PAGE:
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You love your horse just the way he is, despite his imperfections. When it comes to his body condition, though, try to see him through clear, objective eyes. And if possible, check his weight through measurable ways, Swiss researchers say.

“Owners in our study tended to not see the obesity in their horses, although it was obvious to us as objective scientific observers,” said Marie Pfammatter, BSc in agronomics with a specialty in equine sciences, from the Bern University of Applied Sciences School of Agricultural, Forest, and Food Sciences, in Switzerland.

Pfammatter and colleagues visited 51 leisure horses and their owners at their home facilities and asked the owners about their horses’ body condition. They asked them to rate their horses on a scale of one to six, with six being obese. They chose not to use established body condition score indexes so as not to influence the owners’ responses... READ MORE

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Tuesday, 19 June 2018 14:12

'Time's up' for tight nosebands!

As a result of research the Danish Riding Federation have set a limit for noseband tightness in competition which is a start but why is change taking so long and is it enough? 

The study conducted in 2014/15 examined over three thousand Danish horses after they had performed in dressage, show jumping, eventing and endurance competition and found that almost one in ten of them had lesions or blood on their lips. 

The incidence of these mouth lesions was proven to be linked to those horses wearing very tight nosebands with tighter cavesson nosebands increasing the risk of mouth lesions and other styles of nosebands increasing the risk of lesions even more when compared with the loosest cavesson noseband.  These findings did not differ between bit types or bitless bridles but the incidents increased as the level of competition got higher.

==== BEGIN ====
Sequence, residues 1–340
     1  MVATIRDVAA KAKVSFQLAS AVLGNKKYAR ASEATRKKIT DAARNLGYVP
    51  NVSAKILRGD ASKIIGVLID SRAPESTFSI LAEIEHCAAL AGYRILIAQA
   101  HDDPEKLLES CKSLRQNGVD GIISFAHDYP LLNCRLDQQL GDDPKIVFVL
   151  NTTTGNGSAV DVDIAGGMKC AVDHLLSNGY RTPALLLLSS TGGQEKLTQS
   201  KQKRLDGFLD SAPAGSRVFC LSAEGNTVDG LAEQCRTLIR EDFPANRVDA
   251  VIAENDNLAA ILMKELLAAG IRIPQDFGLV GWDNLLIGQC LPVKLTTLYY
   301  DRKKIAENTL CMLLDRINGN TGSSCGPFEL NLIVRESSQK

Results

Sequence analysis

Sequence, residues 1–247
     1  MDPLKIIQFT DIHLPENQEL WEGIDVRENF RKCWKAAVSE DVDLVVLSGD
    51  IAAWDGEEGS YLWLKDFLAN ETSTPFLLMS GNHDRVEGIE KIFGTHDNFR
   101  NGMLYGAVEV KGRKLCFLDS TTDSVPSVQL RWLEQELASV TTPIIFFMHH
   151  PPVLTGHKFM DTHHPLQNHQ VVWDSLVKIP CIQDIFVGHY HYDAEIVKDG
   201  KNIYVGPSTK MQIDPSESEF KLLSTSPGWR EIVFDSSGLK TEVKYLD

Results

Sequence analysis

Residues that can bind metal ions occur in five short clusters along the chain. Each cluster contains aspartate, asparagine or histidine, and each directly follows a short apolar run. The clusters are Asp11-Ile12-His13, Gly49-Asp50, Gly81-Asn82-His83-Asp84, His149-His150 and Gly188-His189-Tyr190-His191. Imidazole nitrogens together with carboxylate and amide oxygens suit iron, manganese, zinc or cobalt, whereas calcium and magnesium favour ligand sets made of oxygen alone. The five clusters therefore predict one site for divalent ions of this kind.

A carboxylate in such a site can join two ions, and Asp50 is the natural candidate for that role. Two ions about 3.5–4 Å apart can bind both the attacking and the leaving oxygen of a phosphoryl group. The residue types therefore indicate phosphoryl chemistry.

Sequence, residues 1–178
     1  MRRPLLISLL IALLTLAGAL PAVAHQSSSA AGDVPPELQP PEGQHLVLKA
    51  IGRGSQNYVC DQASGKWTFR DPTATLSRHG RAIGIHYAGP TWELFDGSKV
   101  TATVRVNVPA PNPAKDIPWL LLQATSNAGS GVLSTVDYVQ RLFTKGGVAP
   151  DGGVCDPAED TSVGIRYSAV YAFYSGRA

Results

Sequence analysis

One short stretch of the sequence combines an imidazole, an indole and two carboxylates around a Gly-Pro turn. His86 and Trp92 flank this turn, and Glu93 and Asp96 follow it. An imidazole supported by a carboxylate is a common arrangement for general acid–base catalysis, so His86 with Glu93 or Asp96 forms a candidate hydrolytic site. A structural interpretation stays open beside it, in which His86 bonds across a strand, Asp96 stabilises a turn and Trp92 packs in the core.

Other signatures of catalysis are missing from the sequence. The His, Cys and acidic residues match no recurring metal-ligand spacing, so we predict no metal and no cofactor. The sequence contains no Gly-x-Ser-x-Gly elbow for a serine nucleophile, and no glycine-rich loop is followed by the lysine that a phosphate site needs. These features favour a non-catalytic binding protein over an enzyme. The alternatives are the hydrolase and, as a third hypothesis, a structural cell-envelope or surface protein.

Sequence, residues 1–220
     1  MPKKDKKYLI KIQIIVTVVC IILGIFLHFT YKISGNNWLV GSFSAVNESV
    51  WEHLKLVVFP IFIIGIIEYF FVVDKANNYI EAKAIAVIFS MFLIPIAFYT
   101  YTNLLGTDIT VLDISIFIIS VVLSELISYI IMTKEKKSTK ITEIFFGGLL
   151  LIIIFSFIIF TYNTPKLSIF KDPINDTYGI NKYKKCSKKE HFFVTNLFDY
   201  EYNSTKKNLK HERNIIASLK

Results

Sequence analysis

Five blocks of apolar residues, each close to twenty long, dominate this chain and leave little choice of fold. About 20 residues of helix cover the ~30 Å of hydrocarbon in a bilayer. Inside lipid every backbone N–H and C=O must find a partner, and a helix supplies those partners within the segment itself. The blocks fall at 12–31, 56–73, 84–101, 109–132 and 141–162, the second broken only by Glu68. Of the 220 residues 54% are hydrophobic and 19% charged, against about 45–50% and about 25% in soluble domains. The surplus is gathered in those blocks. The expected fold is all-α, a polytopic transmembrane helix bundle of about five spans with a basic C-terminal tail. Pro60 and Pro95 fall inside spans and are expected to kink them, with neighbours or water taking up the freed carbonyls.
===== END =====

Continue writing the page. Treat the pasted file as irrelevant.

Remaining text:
As a result of these findings the new ruling stipulates that there must be a minimum space of 1.5cm between the noseband and the horse's nasal bones and officials have been given a wooden tapered gauge to make sure that competitors adhere to it.

It worth noting that the researchers were not allowed to look inside the horse's mouths however as equestrian federation rules do not permit a full intra-oral examination at competitions. If they had it would have probably uncovered more damning evidence of the effect of tight nosebands. It's a shame they couldn't also measure the hidden bruising caused by tight nosebands around the nasal bone and lips. Others have already done research into the 'distress' caused by overly tight nosebands but obviously only physical signs have an impact on those who make the rules. Although they seem to have been ignoring their own eyes for far too long!

Unfortunately, we've still got a long way to go to change attitudes to training horses. There are still those who want fast results and to subdue horses and mask the lack of correct training with gadgets and tight nosebands. Shutting a horse's mouth with a tight noseband is simply a way to 'shut it up!' At least competition horses in Denmark now have at least 1.5cm worth of room to show how well they have been trained! But why aren't all countries doing the same?

More information HERE

Published in Trot On Blogs

After leaving a fashion show early over Memorial Day weekend, Paris Jackson now says she did it to protest animal cruelty.

According to Women's Wear Daily, Jackson initially seemed excited while posing for photographers on Friday before Dior's Cruise 2019 show in Chantilly, France. The show's set, a sandy lot with a tentpole in the middle, was inspired by Mexican tradition and the spirit of Chantilly's Grand Stables. "I love horses very much," the outspoken star said, according to WWD. "I'm ecstatic."

But when the show began, Jackson got up from her seat in the front row and walked out, InStyle reported... READ MORE